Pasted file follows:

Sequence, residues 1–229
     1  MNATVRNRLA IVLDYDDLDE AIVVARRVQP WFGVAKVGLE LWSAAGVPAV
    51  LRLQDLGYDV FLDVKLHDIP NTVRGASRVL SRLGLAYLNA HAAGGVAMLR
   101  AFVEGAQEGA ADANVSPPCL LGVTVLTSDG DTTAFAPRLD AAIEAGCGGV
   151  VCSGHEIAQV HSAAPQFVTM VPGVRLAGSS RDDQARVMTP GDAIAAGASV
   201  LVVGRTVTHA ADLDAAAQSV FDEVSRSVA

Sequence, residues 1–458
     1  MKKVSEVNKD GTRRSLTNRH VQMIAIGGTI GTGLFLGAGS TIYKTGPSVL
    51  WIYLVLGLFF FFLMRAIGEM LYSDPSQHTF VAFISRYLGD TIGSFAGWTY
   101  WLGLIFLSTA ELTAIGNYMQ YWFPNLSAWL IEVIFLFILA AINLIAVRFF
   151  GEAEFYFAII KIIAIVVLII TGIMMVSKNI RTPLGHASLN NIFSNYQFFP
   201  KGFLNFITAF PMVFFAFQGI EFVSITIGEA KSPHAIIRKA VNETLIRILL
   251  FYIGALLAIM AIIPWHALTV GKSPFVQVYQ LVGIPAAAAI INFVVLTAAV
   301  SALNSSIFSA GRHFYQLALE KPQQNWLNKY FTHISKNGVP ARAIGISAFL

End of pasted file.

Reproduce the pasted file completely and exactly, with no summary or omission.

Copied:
Sequence, residues 1–229
     1  MNATVRNRLA IVLDYDDLDE AIVVARRVQP WFGVAKVGLE LWSAAGVPAV
    51  LRLQDLGYDV FLDVKLHDIP NTVRGASRVL SRLGLAYLNA HAAGGVAMLR
   101  AFVEGAQEGA ADANVSPPCL LGVTVLTSDG DTTAFAPRLD AAIEAGCGGV
   151  VCSGHEIAQV HSAAPQFVTM VPGVRLAGSS RDDQARVMTP GDAIAAGASV
   201  LVVGRTVTHA ADLDAAAQSV FDEVSRSVA

Sequence, residues 1–458
     1  MKKVSEVNKD GTRRSLTNRH VQMIAIGGTI GTGLFLGAGS TIYKTGPSVL
    51  WIYLVLGLFF FFLMRAIGEM LYSDPSQHTF VAFISRYLGD TIGSFAGWTY
   101  WLGLIFLSTA ELTAIGNYMQ YWFPNLSAWL IEVIFLFILA AINLIAVRFF
   151  GEAEFYFAII KIIAIVVLII TGIMMVSKNI RTPLGHASLN NIFSNYQFFP
   201  KGFLNFITAF PMVFFAFQGI EFVSITIGEA KSPHAIIRKA VNETLIRILL
   251  FYIGALLAIM AIIPWHALTV GKSPFVQVYQ LVGIPAAAAI INFVVLTAAV
   301  SALNSSIFSA GRHFYQLALE KPQQNWLNKY FTHISKNGVP ARAIGISAFL